Thursday, 17 April 2014

Recognition and enforcement of an arbitral award by the International Commercial Arbitration Court at the Ukrainian Chamber of Commerce and Industry (ICAC at the UCCI)

In a 2012 decision, the Thessaloniki 1st Instance Court refused partially to declare enforceable a Ukrainian arbitral award on public policy grounds [Case Nr. 13432/2012, unreported]. 

The facts: The parties concluded an agreement, signed in Simferopol late 2009. It was agreed that the Ukrainian company would sell beverages to the Greek company. Pursuant to Art. 12.2 of the contract, the parties decided to submit any dispute before the ICAC at the UCCI. At the same time, they agreed that Ukrainian law would be applicable. The buyer made an advance payment, following which the seller delivered the goods by end March 2010. Full payment was supposed to take place by end May 2010. However, the buyer failed to pay the remaining amount. Upon that the seller initiated arbitration proceedings in accordance with the clause of the contract. The Ukrainian company sought damages for the total amount of 206.432 €, consisting of: 99.751 € for the remaining unpaid price; exactly the same sum as penalty for non-performance; and 9.630 € for costs of the proceedings. For the purposes of appointing an arbitrator, the ICAC at the UCCI summoned the buyer with registered letter, which was received by its legal representative. In a similar fashion the court also summoned the buyer for informing him on the date of the hearing. Mid March 2011 the award was rendered in default of the buyer.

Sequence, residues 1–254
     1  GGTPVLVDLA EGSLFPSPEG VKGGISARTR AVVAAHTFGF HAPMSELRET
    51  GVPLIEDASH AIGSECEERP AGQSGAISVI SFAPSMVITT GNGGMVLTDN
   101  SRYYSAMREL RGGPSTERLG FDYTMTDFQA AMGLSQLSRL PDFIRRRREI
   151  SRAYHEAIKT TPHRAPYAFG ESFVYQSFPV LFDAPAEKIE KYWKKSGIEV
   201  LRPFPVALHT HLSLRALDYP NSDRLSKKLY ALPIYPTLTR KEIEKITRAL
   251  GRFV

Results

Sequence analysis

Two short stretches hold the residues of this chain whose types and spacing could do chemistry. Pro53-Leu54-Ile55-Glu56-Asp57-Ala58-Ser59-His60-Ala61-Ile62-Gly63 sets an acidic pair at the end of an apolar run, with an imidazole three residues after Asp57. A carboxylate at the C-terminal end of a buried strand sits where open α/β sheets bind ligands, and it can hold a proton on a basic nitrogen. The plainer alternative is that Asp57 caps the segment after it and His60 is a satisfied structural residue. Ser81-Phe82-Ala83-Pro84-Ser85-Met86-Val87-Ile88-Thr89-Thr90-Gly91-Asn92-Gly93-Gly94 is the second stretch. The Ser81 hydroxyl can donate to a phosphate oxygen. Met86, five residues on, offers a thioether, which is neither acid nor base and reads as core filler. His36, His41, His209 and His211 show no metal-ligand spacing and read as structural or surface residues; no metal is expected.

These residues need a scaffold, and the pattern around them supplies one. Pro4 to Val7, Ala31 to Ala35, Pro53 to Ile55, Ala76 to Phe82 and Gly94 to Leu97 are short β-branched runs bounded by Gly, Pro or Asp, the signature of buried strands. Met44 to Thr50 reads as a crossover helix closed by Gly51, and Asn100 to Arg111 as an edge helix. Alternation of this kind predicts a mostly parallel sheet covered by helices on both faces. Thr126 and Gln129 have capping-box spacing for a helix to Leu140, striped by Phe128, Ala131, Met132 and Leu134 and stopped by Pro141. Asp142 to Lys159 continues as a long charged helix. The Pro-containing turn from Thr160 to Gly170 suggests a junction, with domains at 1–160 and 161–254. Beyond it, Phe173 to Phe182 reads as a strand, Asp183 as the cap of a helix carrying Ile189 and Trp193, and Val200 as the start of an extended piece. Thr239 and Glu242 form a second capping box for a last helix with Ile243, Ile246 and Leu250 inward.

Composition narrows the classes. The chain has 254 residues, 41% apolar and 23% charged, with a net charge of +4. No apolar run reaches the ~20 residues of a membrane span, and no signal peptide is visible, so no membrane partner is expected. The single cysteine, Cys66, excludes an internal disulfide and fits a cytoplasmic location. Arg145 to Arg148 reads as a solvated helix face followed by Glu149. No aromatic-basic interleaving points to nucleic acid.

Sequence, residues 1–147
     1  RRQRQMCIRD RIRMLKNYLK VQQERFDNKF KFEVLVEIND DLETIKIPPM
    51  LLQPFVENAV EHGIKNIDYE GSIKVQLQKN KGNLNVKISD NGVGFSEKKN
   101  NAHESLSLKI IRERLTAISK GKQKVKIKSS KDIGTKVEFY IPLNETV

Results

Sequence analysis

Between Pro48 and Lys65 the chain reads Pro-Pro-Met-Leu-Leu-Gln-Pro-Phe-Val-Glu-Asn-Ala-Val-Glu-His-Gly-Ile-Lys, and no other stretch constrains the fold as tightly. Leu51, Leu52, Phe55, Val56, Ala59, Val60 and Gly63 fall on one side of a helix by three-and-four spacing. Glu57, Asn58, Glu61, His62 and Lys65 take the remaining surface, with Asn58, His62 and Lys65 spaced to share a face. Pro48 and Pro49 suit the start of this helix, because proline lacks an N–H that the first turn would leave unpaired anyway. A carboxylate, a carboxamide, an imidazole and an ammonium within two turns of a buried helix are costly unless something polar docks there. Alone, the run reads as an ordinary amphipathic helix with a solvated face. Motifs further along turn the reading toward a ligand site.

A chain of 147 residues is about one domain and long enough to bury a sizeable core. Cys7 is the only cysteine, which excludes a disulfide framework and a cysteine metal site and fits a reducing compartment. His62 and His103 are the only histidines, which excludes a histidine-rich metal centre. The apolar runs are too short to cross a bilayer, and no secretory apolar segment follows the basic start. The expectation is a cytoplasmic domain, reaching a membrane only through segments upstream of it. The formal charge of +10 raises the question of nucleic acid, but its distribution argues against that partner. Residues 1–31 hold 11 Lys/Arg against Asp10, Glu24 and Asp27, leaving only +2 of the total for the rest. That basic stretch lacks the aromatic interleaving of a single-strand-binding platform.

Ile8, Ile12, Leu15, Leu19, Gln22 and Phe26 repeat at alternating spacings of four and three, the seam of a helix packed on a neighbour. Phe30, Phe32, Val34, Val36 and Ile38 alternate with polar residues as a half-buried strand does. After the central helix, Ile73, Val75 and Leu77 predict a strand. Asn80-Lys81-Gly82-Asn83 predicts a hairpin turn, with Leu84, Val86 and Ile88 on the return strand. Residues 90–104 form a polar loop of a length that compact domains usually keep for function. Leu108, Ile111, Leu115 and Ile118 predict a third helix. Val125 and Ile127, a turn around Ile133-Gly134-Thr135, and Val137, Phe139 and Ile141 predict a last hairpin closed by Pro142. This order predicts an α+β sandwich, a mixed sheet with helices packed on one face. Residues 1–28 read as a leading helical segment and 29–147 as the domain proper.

The ruling: The Ukrainian company requested that the arbitral award be recognized and enforced pursuant to the 1958 New York Convention on the recognition and enforcement of arbitral awards. Both countries are signatories of the Convention. Art. 20.2 of the bilateral treaty on judicial assistance in civil matters refers to the NYC with respect to arbitral awards rendered in the territory of the countries.
The Greek company challenged the award on the basis of the following grounds:
a)      The award was not final and conclusive, because it has filed an action to quash the award before the Shevchenko District Court in Kiev.
b)      Notice by post was not proper, so as to appear before the court.
c)      No service of the award has been effectuated.
d)      The arbitration agreement was not valid according to Ukrainian law, and the court had decided on a matter falling out of the scope of the arbitration agreement.
e)      The subject matter of the dispute is not subjected to arbitration according to Ukrainian law.
The Thessaloniki 1st Instance court answered as follows:
a) It has not been proven by the buyer that the sole filing of an action to quash the award activates the ground of Art. 5.1.e of the New York Convention.
b) Service by post has actually reached the Greek company’s premises, as evidenced by the acknowledgements of receipt by the buyer’s legal representative. In other words, service was proper.
c) The buyer did not provide evidence on ground (d).